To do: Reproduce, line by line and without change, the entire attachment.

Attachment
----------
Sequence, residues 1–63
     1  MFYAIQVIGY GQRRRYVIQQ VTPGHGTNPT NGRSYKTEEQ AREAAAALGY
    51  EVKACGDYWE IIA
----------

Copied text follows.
Sequence, residues 1–63
     1  MFYAIQVIGY GQRRRYVIQQ VTPGHGTNPT NGRSYKTEEQ AREAAAALGY
    51  EVKACGDYWE IIA